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ויצא בן אשה ישראלית והוא בן איש מצרי...וינצו במחנה ...ויקב ...ויקלל

The son of a Yisraeli woman went out and he was the son of an Egyptian man …they contended in the camp… and he pronounced the Name … and he blasphemed. (24:10,11)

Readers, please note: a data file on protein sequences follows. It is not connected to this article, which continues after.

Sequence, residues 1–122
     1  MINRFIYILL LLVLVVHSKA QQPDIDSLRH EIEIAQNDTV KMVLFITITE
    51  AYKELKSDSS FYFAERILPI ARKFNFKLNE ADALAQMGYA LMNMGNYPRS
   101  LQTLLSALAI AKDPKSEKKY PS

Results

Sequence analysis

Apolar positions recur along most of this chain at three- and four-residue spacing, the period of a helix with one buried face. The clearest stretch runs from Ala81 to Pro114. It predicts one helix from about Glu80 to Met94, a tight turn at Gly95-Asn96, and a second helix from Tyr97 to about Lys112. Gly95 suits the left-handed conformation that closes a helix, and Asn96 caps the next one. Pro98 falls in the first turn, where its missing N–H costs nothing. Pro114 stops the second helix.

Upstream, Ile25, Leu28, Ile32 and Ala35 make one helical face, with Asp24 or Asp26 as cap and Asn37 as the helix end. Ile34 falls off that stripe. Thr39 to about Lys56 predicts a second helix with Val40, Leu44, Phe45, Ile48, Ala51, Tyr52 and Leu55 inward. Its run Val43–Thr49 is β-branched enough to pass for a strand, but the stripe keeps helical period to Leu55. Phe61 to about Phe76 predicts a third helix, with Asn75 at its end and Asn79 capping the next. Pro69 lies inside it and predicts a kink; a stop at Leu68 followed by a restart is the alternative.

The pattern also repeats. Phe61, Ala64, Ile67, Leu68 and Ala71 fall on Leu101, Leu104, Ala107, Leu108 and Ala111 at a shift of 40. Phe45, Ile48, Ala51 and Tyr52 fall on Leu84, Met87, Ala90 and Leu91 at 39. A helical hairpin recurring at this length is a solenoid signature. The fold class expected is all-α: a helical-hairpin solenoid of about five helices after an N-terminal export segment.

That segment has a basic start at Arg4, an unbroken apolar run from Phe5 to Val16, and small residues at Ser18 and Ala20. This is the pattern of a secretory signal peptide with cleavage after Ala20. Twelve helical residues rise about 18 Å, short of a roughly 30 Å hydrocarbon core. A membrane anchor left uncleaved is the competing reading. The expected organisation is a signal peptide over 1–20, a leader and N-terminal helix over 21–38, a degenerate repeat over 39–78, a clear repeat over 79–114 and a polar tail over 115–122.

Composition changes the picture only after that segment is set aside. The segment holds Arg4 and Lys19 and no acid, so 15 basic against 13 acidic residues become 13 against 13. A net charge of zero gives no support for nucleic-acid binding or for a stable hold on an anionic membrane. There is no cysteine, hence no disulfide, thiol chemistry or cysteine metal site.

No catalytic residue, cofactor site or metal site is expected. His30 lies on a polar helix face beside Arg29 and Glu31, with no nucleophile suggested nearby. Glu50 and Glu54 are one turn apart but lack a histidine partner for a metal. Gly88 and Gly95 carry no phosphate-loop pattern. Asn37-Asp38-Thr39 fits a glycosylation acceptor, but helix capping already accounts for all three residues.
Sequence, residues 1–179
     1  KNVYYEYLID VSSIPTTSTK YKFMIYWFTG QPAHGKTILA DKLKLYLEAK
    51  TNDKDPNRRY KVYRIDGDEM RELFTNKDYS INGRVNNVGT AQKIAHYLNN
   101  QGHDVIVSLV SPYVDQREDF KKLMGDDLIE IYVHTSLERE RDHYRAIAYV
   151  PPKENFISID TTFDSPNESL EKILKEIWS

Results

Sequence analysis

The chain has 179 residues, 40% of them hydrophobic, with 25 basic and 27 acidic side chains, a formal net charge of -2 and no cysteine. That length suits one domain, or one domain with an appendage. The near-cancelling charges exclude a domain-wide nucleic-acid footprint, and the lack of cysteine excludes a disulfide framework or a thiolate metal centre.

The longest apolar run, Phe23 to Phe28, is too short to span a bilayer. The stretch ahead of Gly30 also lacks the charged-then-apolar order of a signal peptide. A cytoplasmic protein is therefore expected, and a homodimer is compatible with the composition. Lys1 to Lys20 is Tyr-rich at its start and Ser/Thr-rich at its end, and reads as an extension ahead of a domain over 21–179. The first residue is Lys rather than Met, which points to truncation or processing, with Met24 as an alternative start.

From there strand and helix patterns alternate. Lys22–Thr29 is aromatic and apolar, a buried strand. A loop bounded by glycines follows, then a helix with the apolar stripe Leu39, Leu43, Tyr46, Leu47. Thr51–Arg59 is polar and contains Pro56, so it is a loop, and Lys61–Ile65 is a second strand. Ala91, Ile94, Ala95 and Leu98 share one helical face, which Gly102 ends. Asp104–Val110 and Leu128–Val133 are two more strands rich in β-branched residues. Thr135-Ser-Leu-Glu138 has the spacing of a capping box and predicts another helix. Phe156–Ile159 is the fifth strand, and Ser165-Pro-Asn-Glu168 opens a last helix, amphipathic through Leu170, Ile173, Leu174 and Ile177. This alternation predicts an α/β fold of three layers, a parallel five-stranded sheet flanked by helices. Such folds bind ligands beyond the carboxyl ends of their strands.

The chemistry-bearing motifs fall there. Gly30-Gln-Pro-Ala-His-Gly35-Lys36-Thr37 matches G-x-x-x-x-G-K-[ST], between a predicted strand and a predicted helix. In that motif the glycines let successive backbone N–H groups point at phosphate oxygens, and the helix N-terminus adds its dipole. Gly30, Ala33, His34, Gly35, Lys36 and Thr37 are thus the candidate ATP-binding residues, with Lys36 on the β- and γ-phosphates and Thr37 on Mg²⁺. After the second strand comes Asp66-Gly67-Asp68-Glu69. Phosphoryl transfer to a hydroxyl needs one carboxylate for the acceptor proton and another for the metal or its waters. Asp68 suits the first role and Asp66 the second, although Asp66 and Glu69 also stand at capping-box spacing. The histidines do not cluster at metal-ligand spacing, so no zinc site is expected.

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It was a truly tragic ending to a sinful relationship that had begun years earlier in Egypt. Shlomis bas Divri was a woman of ill repute, whose immoral behavior led to a relationship with an Egyptian that produced a son who later blasphemed the Name of Hashem. It might take time, but a relationship that is prohibited, that is not meant to be, will not bear good fruit unless the poison is expunged. Love conquers all – but Torah. Having said this, we quote Rashi, who explains, Mei heicha yatza, “From where did he (the blasphemer) go out?” Apparently, he came to pitch his tent in the camp of the tribe of Dan (his mother was from that tribe). The members of the tribe asked him what he was doing there; i.e. what was his connection to the tribe of Dan? He replied that he was one of the sons of Dan [he belonged]. They said that a tribal son was defined by his paternal lineage, not maternal. His father was not a Jew, thus excluding him from pitching his tent among them. He took his case to Moshe Rabbeinu, who found his claim wanting. As a result of losing the case, he “lost it” and blasphemed.